Mrs SC and I eat lunch and that’s when she usually insists I put on my coat and join her in a constitutional up the hill and round the park. Sometimes I take the camera. Sometimes I get a decent photo to share on social media. It’s one way of keeping in touch.

A nuthatch
A nuthatch poses for a photo

Yesterday I suddenly remembered another way is to write text messages. For two weeks the only texting I’ve been doing is with my Mum. Checking on her state of health to make sure I didn’t infect her while I was over. I didn’t, so that’s good.

Sitting in my living room, phone in hand, I started to write one message and ended up writing about a dozen. Some to people I’ve not been in touch with since an exchange of texts at New Year. A few not since the previous New Year. Several replied and two replies developed into long telephone conversations. There are a lot of us sitting in isolation, even if not sick. A huge number of Swedes are, like Mrs SC, working from home now. Nearly a third of the working population, says Svenska Dagbladet.

Cabin fever

Two weeks after the policy was introduced, some are developing not Covid fever but cabin fever. It’s nice to talk and to catch up. One friend describes working out at her gym when she’s the only person there. The other talks about her father, a three hour drive away. He’s 80+ and coping alone in the deep south (Skåne) without the internet. She worries that he doesn’t take social distancing seriously enough. If the local meals on wheels doesn’t deliver something he likes, he walks to the centre of town and buys a ready-made meal somewhere.

When I can stop distracting myself with YouTube and break off socialising at a distance, I write. I’ve been much better about writing daily all this year till now. I’ll publish a writing diary update next week maybe. But corona life has disrupted things and I fear I may fall back into old and lazy habits.

Photographers Abroad

One saving grace is my membership in Writers Abroad. I’m taking on their April challenge and aiming to write a poem a day the month out. We’ll see how that goes. I was up until late to write my first. At the end of the month, maybe I’ll post a couple of the better ones here at Articulations.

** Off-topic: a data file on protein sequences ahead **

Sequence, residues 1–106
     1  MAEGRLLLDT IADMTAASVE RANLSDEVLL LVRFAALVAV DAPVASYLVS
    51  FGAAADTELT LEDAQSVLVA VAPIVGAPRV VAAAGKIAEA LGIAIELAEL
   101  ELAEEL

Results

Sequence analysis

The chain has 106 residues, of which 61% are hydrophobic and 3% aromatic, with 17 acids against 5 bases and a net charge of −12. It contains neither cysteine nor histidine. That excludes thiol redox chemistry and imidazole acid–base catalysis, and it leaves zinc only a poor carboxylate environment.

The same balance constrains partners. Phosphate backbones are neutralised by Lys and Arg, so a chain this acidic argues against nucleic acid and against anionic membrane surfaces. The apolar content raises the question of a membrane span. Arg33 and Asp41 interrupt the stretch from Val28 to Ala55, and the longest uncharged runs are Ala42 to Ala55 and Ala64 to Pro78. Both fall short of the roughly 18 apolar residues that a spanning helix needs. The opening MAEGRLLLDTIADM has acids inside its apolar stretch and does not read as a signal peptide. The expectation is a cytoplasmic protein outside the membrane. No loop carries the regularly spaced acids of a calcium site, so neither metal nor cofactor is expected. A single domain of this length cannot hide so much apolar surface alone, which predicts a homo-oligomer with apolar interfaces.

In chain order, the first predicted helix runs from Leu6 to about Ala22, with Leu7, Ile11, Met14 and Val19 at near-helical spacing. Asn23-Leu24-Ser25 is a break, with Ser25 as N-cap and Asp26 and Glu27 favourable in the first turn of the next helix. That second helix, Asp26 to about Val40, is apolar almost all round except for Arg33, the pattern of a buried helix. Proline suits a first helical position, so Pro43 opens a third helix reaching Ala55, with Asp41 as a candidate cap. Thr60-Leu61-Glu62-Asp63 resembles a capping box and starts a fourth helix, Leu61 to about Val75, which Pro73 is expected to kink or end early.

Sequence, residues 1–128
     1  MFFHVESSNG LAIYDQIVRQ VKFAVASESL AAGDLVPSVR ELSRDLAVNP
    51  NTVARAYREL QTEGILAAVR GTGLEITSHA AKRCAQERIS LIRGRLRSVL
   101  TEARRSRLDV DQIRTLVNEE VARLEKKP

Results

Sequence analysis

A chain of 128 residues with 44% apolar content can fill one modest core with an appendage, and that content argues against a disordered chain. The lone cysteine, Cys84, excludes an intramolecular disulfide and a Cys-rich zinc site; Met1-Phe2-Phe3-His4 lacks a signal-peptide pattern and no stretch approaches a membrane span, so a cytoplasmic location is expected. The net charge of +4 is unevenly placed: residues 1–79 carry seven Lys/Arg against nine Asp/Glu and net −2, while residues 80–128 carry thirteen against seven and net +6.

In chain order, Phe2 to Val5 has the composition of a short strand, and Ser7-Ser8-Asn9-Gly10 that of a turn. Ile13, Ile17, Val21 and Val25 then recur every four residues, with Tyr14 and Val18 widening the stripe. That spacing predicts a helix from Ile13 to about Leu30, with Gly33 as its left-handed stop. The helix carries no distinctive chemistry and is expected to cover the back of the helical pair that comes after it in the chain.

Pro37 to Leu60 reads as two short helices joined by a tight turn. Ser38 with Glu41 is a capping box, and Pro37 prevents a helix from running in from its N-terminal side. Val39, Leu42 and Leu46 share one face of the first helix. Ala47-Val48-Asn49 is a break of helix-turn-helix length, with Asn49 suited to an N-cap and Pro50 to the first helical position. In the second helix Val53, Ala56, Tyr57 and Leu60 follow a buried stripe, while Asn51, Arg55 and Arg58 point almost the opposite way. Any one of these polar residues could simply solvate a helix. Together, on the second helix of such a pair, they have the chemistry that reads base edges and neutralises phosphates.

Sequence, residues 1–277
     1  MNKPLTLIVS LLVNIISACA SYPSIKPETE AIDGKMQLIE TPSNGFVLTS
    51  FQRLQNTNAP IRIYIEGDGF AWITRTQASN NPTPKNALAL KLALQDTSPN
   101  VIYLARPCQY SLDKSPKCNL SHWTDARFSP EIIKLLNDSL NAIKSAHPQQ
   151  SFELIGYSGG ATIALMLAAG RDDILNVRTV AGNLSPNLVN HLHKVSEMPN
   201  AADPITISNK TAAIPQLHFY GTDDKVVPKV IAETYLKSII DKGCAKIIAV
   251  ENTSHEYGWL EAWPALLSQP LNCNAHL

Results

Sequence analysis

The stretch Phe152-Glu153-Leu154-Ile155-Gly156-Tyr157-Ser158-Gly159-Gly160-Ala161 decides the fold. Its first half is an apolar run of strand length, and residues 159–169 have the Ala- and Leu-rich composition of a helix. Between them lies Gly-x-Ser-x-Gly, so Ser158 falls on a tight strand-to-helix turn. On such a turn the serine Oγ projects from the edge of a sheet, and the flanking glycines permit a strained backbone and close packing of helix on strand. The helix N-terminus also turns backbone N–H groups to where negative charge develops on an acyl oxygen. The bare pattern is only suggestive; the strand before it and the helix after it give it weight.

Writers Abroad is celebrating their – our I should say – tenth anniversary. I’ve volunteered to make a collage of members’ portraits. So I’m in the process of collecting portraits for that. Lots of e-mails going back and forth. At present I have about 9 useable pictures (from 20+ members). Not quite as easy as I thought, and corona life makes it more difficult. Lots of members are not able to ask for help from their usual photo nerd friends. There’s a lot of DIY photography going on, not always very successfully.


There’s a also a lot of cooking going on, at least in this household. Especially cooking that takes more time. We’ve tried our hands at making sour dough bread. (Not a great success.) And at cakes from cookbooks. But the best things are the full meals. Mung bean curry, lamb meatballs with feta cheese centres, smoked salmon pasta in a cream sauce…

And then TV. After the news there is (usually) nothing on, so we’ve been revisiting our DVD collection and for me that means the chronicles of Jed Bartlett, the greatest President the USA never had. And written by Aaron Sorkin, the greatest speech-writer an American President never had.

And then comes the tail of the day as I start coughing more and more. I feel increasingly worried that I’ll not be able to sleep and that I’ll keep Mrs SC awake. So I sit up till late, writing at the computer. Maybe translating for one of my clients, maybe planning a story, maybe replying to an e-mail. At one or two in the morning, when I feel I can’t stay awake any more, then I can go to bed and lie down and eventually, eventually, it catches me unawares and I sleep.

So that’s my corona life. How are you doing?